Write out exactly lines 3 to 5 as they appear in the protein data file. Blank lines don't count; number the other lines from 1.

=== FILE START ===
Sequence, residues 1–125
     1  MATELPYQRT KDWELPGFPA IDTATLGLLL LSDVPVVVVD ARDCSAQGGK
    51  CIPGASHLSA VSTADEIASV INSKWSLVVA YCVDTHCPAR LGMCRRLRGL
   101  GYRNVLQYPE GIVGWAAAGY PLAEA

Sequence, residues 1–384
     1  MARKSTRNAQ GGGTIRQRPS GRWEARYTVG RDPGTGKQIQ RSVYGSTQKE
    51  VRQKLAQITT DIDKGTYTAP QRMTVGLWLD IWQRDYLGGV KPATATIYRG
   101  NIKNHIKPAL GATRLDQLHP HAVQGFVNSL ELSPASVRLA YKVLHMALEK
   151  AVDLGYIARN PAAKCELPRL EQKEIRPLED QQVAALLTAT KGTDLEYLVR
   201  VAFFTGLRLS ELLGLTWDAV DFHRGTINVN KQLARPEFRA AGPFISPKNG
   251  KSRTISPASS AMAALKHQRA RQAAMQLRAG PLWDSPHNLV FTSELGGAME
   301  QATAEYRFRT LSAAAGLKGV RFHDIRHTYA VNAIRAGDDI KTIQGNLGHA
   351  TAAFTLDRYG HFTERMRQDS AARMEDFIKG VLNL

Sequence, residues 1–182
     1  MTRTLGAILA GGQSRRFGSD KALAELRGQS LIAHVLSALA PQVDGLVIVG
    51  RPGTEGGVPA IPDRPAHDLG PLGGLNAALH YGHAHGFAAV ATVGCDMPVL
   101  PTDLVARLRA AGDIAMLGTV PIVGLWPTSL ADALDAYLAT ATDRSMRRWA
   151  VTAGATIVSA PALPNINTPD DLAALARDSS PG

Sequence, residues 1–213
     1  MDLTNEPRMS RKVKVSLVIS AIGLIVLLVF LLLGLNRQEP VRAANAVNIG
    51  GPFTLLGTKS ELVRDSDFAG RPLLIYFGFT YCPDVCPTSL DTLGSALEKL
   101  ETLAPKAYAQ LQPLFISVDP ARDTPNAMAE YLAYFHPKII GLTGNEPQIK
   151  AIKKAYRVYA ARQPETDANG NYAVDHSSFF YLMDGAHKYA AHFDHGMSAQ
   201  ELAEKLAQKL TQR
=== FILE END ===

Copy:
    51  CIPGASHLSA VSTADEIASV INSKWSLVVA YCVDTHCPAR LGMCRRLRGL
   101  GYRNVLQYPE GIVGWAAAGY PLAEA

Sequence, residues 1–384